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Comments (11)Add Comment
written by Michael Paterson-Seymour, January 04, 2013
I am not sure that acknowledging the moral status of the unborn would greatly advance the pro-life case.

In France, the Veil Law of 1975 (Law No. 75-17 of 18 January 1975), in its first article, declares, ““The law guarantees respect to every human being from the commencement of life. No derogation from this principle is permitted, except in the case of necessity and according to the provisions defined by the present law.”

It then proceeds to decriminalise abortion up to the tenth week of gestation.

In other words, the National Assembly, too squeamish to establish abortion as a right, sanctioned it as a derogation from a right, namely, the right to respect for life.
written by Manfred, January 04, 2013
I would suggest that Griswald and Roe have virtually nothing to do with rights or personhood and everything to do with restricting population growth. Why did Fr. T. Hesburgh, president of Notre Dame, introduce John D. Rockefeller, at Rockefeller's request, to Paul VI? Why was there so much pressure on Paul VI on the contraception issue, and why was there, to this day, a civil war in the Church itself when Humanae Vitae was issued? Why are most abortuaries in urban and poor areas? For the same reason we will shortly have euthanasia as national public policy: to get rid of the "useless eaters". It is the same reason this country wages war around the world on Islam: Muslims have a higher birthrate than the West and the result can be seen in Israel which fears for its very existence if it was ever forced (by the U.N.?) to be truly democratic. America has been a massive fraud for decades as the same-sex "marriage" issue makes abundantly clear. The right to kill or deport Catholics (the REAL ones) will be found in the Constitution very shortly.
written by Meredith Eugene Hunt, January 04, 2013
Roe v. Wade is a flimsy veil of rationality draped over the raw power to kill prenatal children. Only a power in the opposing direction—the power to save—will bring change.
written by Howard Kainz, January 04, 2013
Roe v. Wade in effect relegates abortion to a special category in jurisprudence -- the idea of purely private murder (like suicide). Since laws are geared to provide for public security and welfare, someone's abortion doesn't seem (so the logic goes) to affect my life or yours.
written by Sue, January 04, 2013
Manfred, not sure about the Islam connection (Islam has a way of working with the Fabian socialists and Communists, too - see Olave de Carvalho and his InterAmerican Institute) - but you slam dunk the elephant in the room - the Rockefeller corruption of the AmChurch via Hesburgh and associates. E. Michael Jones (proud bearer of a SPLC "hate" badge) has penned a blockbuster history of the Rockefellers and the American hierarchy in "Libido Dominandi".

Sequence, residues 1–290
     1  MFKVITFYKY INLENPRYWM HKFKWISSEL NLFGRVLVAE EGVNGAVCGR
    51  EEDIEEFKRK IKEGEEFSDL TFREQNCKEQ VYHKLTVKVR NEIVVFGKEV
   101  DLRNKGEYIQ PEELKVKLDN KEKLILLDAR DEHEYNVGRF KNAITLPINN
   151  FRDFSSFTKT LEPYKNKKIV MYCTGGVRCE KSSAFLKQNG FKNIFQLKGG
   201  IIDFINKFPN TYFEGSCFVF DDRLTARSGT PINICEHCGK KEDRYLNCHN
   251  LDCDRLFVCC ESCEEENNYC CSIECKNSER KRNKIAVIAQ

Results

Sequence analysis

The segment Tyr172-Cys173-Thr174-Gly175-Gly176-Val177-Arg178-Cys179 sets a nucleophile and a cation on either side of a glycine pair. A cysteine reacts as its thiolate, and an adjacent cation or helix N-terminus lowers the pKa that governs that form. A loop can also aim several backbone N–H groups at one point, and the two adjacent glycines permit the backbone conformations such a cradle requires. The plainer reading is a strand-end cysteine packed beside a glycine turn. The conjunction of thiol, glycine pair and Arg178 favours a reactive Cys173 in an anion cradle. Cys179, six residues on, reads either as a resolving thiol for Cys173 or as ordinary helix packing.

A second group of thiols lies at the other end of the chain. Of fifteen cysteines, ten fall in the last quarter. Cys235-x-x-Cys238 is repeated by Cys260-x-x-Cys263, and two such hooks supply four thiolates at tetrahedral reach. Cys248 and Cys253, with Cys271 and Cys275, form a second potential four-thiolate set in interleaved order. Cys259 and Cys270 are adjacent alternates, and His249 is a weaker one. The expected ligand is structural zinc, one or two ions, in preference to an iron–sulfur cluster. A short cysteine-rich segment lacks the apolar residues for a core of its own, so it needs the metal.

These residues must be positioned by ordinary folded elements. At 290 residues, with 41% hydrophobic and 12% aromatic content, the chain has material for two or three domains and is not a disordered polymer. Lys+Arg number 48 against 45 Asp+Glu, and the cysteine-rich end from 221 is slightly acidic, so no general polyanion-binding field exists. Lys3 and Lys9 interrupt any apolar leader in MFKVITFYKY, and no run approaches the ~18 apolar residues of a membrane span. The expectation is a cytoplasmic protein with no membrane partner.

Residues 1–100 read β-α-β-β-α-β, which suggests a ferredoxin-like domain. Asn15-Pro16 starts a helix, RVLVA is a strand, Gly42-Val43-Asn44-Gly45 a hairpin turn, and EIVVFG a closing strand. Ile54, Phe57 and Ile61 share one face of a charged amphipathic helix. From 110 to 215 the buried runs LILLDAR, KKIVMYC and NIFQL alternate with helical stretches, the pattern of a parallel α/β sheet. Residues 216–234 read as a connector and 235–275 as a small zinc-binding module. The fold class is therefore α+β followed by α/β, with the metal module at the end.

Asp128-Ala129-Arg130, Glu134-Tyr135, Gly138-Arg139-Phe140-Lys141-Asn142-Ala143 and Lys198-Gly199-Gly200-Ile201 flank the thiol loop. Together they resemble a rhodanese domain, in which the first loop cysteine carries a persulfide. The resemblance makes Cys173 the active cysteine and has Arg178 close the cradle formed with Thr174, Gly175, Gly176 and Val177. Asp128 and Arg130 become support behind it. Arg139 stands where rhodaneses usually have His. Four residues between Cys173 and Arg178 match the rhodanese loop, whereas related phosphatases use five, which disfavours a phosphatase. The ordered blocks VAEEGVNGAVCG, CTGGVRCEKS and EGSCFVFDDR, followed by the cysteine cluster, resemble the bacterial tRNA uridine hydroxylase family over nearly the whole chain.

written by athanasius, January 04, 2013
Manfred, I believe you are right on the population control issue, at least for a certain portion of the pro-abortion population. Many radical environmentalists view human beings as being parasites on Mother Earth, whom they seem to worship as a goddess. I have seen these people interviewed on TV where they say the Earth can only support about 1 billion people (where they get this nonsense is beyond me). Of course, they always have other people in mind when it comes to deciding whom should be eliminated. The unborn are an easy choice because, as Pope John Paul II said, "They don't even have the benefit of tears to use as a defense."

I read somewhere recently that liberals view people as liabilities, as mouths to feed. Conservatives view people as assets, as treasured individuals who add to the world and contribute to its richness. Is it any wonder why modern liberals promote the culture of death while conservative promote the culture of life?
written by Stilbelieve, January 05, 2013
The issue is not that the court doesn't accept science; the issue is between a political issue and a spiritual one. Not until the Church accepts fighting for the unborn on spiritual grounds will we ever have any success in stopping the legal murder of the unborn, and in some cases, the born.

The spiritual issue is: Do Catholics who recite the Profession of Faith, and pray the Lord's Prayer believe what they say they believe and pray for? In other words, is a Catholic's word - good? I'd say for at least half of the Catholics, including the clergy - their word isn't worth a damn. My reason for saying that is because half or more of Catholics who voted in this recent election, voted, again, for the pro-abortion, pro-homosexual marriage, pro-covet thy neighbors' goods, and pro-attack the Catholic Church - party - the despicable Democrat Party...the party I was born and raised in on the south side of Chicago. When my party at the time started to support Roe v. Wade and abortion, I removed my name from that party and stopped voting for them. I chose the reality of my professed beliefs and prayers than the falsehoods of my political party. I haven't voted for a Democrat since.

Interestingly, since then, I learned that a sin against the 5th Commandment is denying a person their human rights based on color or religion. And it is "particularly a sin when one joins an organization that promotes the denial of human rights." Examples given by the USCCB are the Nazi Party and the KKK. My question to the bishops is - Why have you not identified belonging to the Democrat Party a sin against the 5th Commandment for the denying the right to life to the unborn? If it is a sin for the mere expression of bigotry towards a person based on color or religion, why is it not a grievous sin to join an organization that is solely responsible for the murder of some 55,000,000 human babies, and still counting?

written by Bain Wellington, January 08, 2013
Mr. Beckwith's argument seriously distorts Justice Blackmun's reasoning.